OBJECTIVES: For patients in whom acute coronary syndrome (ACS) is a concern, disposition decisions are complex and multifactorial and have traditionally been a source of considerable variation. An important factor in disposition decisions for these patients may be physician-perceived medicolegal risk and related professional concerns. The study aim was to determine, at the point of care, how much less frequently physicians report that they would admit possible ACS patients if there was either zero or a defined medicolegal risk...
July 2015: Academic Emergency Medicine: Official Journal of the Society for Academic Emergency Medicine
https://www.readbyqxmd.com/read/25985100/risk-for-clinically-relevant-adverse-cardiac-events-in-patients-with-chest-pain-at-hospital-admission
#9
MULTICENTER STUDY
Michael B Weinstock, Scott Weingart, Frank Orth, Douglas VanFossen, Colin Kaide, Judy Anderson, David H Newman
IMPORTANCE: Patients with potentially ischemic chest pain are commonly admitted to the hospital or observed after a negative evaluation in the emergency department (ED) owing to concern about adverse events. Previous studies have looked at 30-day mortality, but no current large studies have examined the most important information regarding ED disposition: the short-term risk for a clinically relevant adverse cardiac event (including inpatient ST-segment elevation myocardial infarction, life-threatening arrhythmia, cardiac or respiratory arrest, or death)...
July 2015: JAMA Internal Medicine
https://www.readbyqxmd.com/read/25627567/the-online-hierarchy-of-needs-a-beginner-s-guide-to-medical-social-media-and-foam
#10
Scott D Weingart, Brent Thoma
No abstract text is available yet for this article.
February 2015: Emergency Medicine Australasia: EMA
https://www.readbyqxmd.com/read/25447559/delayed-sequence-intubation-a-prospective-observational-study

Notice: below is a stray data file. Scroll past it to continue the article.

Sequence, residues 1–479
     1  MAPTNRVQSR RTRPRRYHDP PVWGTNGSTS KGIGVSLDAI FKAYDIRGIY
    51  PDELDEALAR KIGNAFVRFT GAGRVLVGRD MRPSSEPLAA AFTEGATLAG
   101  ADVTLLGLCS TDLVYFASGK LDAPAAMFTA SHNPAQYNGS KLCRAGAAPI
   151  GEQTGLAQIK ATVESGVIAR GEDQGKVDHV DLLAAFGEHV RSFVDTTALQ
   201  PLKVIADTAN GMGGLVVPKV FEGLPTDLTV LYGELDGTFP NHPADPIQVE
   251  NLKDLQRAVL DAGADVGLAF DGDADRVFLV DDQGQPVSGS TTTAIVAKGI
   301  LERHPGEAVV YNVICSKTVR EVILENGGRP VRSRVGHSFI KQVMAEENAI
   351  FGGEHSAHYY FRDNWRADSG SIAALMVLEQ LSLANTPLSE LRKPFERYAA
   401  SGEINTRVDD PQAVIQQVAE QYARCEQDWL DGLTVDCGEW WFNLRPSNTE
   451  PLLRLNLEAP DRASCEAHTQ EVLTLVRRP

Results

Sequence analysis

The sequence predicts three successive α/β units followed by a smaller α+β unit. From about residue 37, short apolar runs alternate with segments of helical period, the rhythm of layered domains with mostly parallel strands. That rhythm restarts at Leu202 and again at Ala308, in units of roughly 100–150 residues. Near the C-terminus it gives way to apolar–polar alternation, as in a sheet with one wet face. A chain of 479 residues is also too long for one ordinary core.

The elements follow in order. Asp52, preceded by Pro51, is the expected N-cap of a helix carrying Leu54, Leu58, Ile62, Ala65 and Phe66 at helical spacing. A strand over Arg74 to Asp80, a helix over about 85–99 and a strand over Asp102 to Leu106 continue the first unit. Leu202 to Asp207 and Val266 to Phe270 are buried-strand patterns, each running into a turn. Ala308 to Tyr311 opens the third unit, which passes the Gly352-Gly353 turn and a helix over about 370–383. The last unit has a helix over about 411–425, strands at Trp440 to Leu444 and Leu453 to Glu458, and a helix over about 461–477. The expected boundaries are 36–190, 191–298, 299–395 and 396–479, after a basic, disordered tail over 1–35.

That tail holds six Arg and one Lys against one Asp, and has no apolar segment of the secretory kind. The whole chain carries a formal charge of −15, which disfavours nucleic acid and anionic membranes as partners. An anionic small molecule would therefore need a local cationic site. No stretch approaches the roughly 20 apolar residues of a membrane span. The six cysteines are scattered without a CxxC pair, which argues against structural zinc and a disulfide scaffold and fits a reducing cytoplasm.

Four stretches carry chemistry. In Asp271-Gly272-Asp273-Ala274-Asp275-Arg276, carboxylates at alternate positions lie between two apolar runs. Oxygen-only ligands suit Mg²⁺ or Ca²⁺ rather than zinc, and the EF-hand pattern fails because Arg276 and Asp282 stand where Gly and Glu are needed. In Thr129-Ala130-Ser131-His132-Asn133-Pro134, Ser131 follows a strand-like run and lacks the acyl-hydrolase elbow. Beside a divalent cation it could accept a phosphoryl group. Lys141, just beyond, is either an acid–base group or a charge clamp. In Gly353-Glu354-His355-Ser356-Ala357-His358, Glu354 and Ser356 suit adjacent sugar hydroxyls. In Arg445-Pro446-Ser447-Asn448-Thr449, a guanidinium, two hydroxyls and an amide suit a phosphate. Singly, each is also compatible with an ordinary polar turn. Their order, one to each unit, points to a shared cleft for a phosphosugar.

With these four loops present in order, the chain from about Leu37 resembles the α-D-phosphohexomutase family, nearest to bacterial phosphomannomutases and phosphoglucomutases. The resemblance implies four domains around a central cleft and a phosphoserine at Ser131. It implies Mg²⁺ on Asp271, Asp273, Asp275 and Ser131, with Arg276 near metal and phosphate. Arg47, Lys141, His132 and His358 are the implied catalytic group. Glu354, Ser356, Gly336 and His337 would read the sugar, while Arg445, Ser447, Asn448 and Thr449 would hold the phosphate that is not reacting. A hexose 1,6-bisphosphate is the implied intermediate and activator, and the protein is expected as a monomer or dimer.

#11
MULTICENTER STUDY
Scott D Weingart, N Seth Trueger, Nelson Wong, Joseph Scofi, Neil Singh, Soren S Rudolph
STUDY OBJECTIVE: We investigate a new technique for the emergency airway management of patients with altered mental status preventing adequate preoxygenation. METHODS: This was a prospective, observational, multicenter study of patients whose medical condition led them to impede optimal preintubation preparation because of delirium. A convenience sample of emergency department and ICU patients was enrolled. Patients received a dissociative dose of ketamine, allowing preoxygenation with high-flow nonrebreather mask or noninvasive positive pressure ventilation (NIPPV)...
April 2015: Annals of Emergency Medicine
https://www.readbyqxmd.com/read/25224173/simwars
#12
Yasuharu Okuda, Steven A Godwin, Lisa Jacobson, Ernest Wang, Scott Weingart
BACKGROUND: Simulation use for training residents has become an expectation in emergency medicine in order to improve the educational dimensions of cognitive knowledge, critical thinking, psychomotor skills, and clinical performance. DISCUSSION: This article is a descriptive piece highlighting a novel group education format-"SimWars." The keys to a successful SimWars competition, including descriptions of necessary personnel and tips on effective case development, as well as lessons learned from its development and implementation, are described...
November 2014: Journal of Emergency Medicine
https://www.readbyqxmd.com/read/24495063/future-evolution-of-traditional-journals-and-social-media-medical-education
#13
Scott D Weingart, Jeremy S Faust
No abstract text is available yet for this article.
February 2014: Emergency Medicine Australasia: EMA
https://www.readbyqxmd.com/read/23380127/ed-intensivists-and-ed-intensive-care-units
#14
Scott D Weingart, Robert L Sherwin, Lillian L Emlet, Isaac Tawil, Julie Mayglothling, Jon C Rittenberger
No abstract text is available yet for this article.
March 2013: American Journal of Emergency Medicine
https://www.readbyqxmd.com/read/22975830/emergency-neurological-life-support-traumatic-brain-injury
#15
REVIEW
Stuart P Swadron, Peter LeRoux, Wade S Smith, Scott D Weingart